Common Risk Factors

There are many risk factors that systemic and periodontal diseases share, such as:

Periodontal disease and cavities can all be caused by these factors. It is possible that you may also have systemic disorders.

Genetics

It's Mom or Dad at fault: Dr. Ross says that certain people are more likely to develop systemic and periodontal diseases.

Your body's response against bacteria

While this is not a genetic trait, it's related to your body's unique bodily reactions.

Ross states, "Everybody's bodies respond to bacteria in a different way." For instance, bacteria can cause inflammation or other health problems in certain people.

People with both periodontal and systemic diseases often have elevated levels of C-reactive proteins, an inflammatory compound.

Certain conditions

Poor oral health can lead to other conditions. The reverse can also be true: Oral health issues can occur from certain diseases or disorders.

Diabetes is one of them. Dr. Ross states that people with diabetes poorly managed are at greater risk for developing periodontal diseases and having the disease progress to more serious levels.

Osteoporosis is also associated with periodontal disease, as studies suggest that the low bone mineral density associated with the condition can affect your jaw. Alveolar bone loss is the type of bone that occurs with periodontal diseases. This refers to your portion of the jawbone which has sockets.

You may also be affected by other conditions, such as:

"There are many studies coming out right now that show connections between these conditions and periodontal disease," Dr. Ross says. There is more data that will show the link between these conditions and periodontal disease, so we expect it to continue.

What is good oral hygiene?

You may feel panicky because you have not flossed yet this week or today. Take a deep breathe and relax. It's possible to start improving your oral hygiene now and keeping your mouth healthy and happy.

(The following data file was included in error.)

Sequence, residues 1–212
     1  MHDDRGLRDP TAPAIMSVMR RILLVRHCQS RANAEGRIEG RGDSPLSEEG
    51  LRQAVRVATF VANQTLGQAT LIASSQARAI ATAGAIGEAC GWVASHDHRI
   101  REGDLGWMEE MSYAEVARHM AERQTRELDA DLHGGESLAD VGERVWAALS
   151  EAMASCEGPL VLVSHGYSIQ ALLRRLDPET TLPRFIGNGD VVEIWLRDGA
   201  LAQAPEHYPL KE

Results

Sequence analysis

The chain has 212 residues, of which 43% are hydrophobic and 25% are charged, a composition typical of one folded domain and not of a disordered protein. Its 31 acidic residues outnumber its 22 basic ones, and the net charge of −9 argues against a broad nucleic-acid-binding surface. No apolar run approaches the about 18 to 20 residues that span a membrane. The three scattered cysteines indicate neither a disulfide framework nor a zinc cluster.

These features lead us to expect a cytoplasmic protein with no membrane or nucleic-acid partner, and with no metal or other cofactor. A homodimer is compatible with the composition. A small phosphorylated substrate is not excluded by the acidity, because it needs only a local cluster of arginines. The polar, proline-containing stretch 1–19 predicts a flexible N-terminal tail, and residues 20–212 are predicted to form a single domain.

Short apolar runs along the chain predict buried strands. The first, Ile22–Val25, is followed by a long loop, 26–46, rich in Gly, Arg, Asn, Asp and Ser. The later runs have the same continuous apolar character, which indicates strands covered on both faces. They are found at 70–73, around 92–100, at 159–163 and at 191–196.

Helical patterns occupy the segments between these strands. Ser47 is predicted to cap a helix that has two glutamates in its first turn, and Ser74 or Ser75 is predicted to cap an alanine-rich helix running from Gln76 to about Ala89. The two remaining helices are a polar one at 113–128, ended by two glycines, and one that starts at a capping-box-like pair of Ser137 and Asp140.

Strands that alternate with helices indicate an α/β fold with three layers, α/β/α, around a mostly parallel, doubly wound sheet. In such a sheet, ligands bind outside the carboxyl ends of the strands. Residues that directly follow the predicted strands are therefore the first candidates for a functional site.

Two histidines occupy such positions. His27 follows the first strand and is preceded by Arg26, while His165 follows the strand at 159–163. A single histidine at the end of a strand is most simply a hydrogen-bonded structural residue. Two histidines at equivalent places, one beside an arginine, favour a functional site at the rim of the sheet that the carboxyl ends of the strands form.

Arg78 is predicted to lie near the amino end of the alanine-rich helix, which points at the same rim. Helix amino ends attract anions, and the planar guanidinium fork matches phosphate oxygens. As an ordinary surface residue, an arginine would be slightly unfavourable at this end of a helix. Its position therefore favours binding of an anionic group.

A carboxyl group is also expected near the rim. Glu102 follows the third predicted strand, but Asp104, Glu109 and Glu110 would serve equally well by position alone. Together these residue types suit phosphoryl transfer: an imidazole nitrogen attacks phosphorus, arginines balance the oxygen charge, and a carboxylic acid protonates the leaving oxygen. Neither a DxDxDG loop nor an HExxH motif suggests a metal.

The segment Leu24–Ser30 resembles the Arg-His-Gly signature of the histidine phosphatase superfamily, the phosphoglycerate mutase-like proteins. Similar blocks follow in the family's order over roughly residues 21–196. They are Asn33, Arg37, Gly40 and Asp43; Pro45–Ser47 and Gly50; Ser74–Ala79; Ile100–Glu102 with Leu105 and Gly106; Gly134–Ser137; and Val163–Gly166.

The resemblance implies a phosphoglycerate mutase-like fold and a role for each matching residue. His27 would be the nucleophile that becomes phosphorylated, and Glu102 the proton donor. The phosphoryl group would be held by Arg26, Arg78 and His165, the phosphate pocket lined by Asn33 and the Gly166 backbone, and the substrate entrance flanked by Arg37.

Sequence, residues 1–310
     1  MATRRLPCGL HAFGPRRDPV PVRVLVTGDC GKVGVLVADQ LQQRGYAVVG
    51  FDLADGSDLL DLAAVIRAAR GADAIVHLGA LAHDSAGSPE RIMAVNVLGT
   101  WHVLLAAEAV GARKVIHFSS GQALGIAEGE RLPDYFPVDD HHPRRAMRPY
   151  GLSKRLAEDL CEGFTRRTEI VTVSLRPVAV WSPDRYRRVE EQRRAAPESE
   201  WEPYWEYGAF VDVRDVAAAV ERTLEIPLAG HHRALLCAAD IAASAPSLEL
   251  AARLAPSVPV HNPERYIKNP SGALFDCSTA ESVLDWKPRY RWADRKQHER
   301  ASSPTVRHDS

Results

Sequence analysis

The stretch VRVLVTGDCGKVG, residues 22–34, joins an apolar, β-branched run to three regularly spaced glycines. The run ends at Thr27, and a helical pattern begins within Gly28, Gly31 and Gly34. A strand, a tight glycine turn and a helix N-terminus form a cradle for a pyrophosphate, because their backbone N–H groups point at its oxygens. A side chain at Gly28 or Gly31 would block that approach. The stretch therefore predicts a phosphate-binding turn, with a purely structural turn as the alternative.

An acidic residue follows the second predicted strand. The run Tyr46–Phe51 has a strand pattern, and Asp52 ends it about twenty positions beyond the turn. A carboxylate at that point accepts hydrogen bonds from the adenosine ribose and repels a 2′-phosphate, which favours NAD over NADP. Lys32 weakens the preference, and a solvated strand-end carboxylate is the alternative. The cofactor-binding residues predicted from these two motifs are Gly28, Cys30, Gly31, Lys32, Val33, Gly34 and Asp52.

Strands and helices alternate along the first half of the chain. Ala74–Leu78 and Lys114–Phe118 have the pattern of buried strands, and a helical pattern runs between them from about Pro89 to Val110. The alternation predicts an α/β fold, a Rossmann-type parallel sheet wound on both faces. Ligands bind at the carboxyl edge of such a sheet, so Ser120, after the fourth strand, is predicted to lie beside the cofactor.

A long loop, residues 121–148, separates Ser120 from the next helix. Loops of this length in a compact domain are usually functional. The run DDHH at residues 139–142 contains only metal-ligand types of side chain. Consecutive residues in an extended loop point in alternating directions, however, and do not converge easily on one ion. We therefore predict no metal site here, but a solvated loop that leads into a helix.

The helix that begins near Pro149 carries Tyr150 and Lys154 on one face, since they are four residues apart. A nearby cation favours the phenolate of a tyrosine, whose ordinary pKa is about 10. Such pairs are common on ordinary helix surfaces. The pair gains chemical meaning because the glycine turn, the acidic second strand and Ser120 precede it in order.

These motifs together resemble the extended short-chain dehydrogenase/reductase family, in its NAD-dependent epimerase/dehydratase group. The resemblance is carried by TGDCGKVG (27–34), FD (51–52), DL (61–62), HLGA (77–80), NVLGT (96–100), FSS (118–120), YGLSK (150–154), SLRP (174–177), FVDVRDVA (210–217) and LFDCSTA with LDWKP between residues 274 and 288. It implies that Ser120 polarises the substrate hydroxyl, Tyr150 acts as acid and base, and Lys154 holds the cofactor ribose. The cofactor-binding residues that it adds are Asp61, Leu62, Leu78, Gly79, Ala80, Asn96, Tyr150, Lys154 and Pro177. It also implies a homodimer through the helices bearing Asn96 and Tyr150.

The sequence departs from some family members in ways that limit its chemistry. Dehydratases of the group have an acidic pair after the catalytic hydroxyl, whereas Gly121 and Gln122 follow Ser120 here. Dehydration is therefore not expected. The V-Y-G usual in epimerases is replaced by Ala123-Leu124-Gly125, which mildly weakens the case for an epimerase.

This is what Dr. Ross suggests.

Two times a day, brush your teeth.

Brush for 2 minutes with fluoridated toothpaste. Dr. Ross advises an electric toothbrush.

Once a day, floss. You can use real floss instead of the tiny floss picks for those difficult-to clean crevices. If you aren't sure if your floss is properly maintained, you can ask your dentist for help.

Other home remedies for good oral hygiene are available. You can keep your gums and teeth healthy with mouthwash or Waterpik(r).

Your dentist should be seen twice annually. You can keep your smile healthy and beautiful with routine exams, Xrays, and cleanings. Dr. Ross states that regular dental visits can help reduce the risk of stroke and other medical conditions. Set up an appointment for a periodontist. You should make an appointment to see a periodontist, if this is your first time. Dr. Ross suggests that you make an appointment annually with a periodontist to ensure healthy gums, jaws, and teeth.

Your other health problems can be managed. It is crucial to maintain a healthy mouth and manage conditions such as diabetes and osteoporosis.

A healthy lifestyle is essential. It's important to take care of your health. Keep your body healthy by getting regular exercise, eating nutritious food, and avoiding smoking and excess drinking. Dr. Ross says that treating your oral health will have a significant impact on your overall well-being.

Is it okay to be afraid of the dentist?

The truth is, dentists, periodontists, and orthodontists are aware that patients may fear visiting them. They are skilled at working with anxious patients in order to make your visit less stressful.

Dr. Ross says that there are many ways we can help patients not to be afraid. "We really hope that you will stop letting your nerves get in the way of regular dental care."